The dynamic of Louis Prima and Keely Smith played wider than Vegas.  Their duet on “That Old Black Magic” was a huge hit in 1958, and rightfully so. It perfectly illustrated their stage act. Louie was the gumba, the brassy, outgoing, scat-singing jazz man who would never have made it if he had to depend on his voice. Meanwhile, Keely was the clear-as-a-bell, spot-on vocalist hitting every note perfectly, while still swinging, as only she can do. They put enormous life into a song by the incomparable Johnny Mercer and Harold Arlen that was already ancient. But the magic couldn’t last forever.

Louis Prima was popular with the ladies. He had affairs and Keely divorced him. She bounced back well by hooking up with Frank Sinatra and Frank took good care of her. He launched her solo career on Reprise Records and had Nelson Riddle and Billy May provide her with music—so you know he loved her. She had a very successful solo career—and I played a lot of her songs on my show when I was a DJ in New Albany, Indiana in 1968, my first radio job. I was still smitten and her voice was arresting. But then she shut it down to raise children.  Many years later, she left the house and went back on tour.

Among her many fans are filmakers Martin Scorsese and Robert DeNiro.  That’s why you hear Keely Smith singing in the movies “Raging Bull,” “Analyze This,” “That Old Feeling,” “Big Night, and “Mad Dog and Glory.”

So here we are in a hotel room in New Orleans at Jazzfest in April of 2010—-producers Chad Campbell, Geoffrey Redick and me, interviewing Keely Smith—who has four or five people in her entourage of family and management. Keely is now 78 years old—-though she doesn’t look it, and certainly doesn’t feel it, judging by what happens next. She tries to take over the interview—-to disarm me and give me some sass. I welcome this because it’s great fun. But then she turns her attention to the guy who’s holding the long, cylindrical shotgun microphone to her mouth. That would be Geoffrey who is 31 years old, and tall and handsome in a Clark Kent sort of way. Maybe Keely thought that was Superman behind those glasses he wears because twice Keely asked me if Geoffrey is married. I told her that Geoffrey is the most married man I know—the only other contender being Chad.  So here I am, the only single guy—-and the one who had a crush on her—out in the cold. She made up for it by insisting that the obligatory post-interview photo be taken with her in my lap.  Keely Smith hasn’t been the shy one for many years now.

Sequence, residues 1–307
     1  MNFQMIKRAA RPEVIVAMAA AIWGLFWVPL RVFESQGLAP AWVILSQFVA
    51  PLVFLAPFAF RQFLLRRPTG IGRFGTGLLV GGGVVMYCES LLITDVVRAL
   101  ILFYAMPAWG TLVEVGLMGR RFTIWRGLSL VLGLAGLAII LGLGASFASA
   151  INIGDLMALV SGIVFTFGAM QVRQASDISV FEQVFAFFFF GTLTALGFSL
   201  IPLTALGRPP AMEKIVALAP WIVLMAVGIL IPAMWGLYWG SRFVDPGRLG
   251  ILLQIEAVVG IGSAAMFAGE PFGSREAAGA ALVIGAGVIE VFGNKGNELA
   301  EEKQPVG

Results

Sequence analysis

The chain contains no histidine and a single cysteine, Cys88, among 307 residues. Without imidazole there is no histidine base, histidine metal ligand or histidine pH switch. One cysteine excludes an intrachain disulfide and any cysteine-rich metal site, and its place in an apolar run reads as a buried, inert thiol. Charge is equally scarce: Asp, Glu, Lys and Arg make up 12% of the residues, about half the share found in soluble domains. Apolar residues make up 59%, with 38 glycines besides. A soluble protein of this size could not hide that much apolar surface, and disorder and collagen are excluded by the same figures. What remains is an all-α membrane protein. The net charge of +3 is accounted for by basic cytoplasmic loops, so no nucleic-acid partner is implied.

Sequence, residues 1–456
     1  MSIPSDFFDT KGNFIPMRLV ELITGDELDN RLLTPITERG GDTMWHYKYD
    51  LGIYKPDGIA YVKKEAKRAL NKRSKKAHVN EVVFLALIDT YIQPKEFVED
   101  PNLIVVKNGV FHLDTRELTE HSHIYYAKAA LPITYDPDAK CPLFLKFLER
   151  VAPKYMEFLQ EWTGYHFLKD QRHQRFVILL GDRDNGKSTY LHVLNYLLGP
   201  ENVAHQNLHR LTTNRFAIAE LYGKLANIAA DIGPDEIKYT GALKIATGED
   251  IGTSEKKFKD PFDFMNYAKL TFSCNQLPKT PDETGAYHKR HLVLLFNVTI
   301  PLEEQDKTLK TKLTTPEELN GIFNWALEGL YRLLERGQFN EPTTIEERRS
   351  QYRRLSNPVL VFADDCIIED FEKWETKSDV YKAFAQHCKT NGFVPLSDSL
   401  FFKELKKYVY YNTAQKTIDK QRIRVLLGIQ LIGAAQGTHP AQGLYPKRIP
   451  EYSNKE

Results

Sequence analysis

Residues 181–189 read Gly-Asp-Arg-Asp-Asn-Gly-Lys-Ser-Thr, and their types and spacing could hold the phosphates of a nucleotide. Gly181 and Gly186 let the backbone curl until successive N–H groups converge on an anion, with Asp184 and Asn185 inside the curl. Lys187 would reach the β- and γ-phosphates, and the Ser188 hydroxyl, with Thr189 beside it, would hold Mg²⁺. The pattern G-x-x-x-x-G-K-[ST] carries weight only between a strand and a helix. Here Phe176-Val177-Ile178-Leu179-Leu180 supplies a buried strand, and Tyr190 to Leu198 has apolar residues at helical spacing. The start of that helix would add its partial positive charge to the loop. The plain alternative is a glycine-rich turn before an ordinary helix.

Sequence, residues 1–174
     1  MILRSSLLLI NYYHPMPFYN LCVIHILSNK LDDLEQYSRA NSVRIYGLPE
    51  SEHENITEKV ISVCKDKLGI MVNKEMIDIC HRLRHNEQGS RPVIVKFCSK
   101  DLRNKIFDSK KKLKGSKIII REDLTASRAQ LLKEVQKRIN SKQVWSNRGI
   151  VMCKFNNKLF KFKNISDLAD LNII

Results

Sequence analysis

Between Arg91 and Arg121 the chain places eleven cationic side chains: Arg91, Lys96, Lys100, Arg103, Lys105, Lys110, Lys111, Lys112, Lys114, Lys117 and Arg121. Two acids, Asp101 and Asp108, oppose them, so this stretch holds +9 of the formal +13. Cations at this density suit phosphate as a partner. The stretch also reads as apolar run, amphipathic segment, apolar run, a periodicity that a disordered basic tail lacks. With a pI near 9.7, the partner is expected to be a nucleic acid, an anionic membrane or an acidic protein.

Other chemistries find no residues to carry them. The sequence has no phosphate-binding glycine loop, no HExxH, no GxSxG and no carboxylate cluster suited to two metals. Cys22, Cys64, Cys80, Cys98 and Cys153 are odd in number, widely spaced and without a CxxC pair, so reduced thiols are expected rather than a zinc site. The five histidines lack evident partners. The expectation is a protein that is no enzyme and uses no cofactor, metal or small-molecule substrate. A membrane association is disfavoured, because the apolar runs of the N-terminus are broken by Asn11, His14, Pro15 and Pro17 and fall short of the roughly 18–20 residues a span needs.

Click here to see more pictures of our first New Orleans adventure.

Next week we conclude our music series with a visit to Jon Cleary’s home studio for a history lesson in New Orleans music.

Here’s the full schedule for our summer music series:

Dr. John - May 26 click here to listen - click here to read our blog entry

Ben Jaffe - June 2 - click here to listen - click here to read our blog entry

Stanton Moore / Trombone Shorty - June 9 click here to listen - click here for our blog entry

Anders Osborne / Theresa Andersson - June 16 - click here to listen - here’s that blog entry

Allen Toussaint - June 23 - click here to listen - click here to read our blog entry

Irma Thomas - June 30 - click here to listen - click here to read that blog entry

Roger Lewis (of the Dirty Dozen Brass Band) - July 7 - click here to listen - here’s that blog entry

Jimmy Carter (of The Blind Boys of Alabama) - July 14 - click here to listen - link for blog entry

Keely Smith - July 21 - click here to listen

Jon Cleary - July 28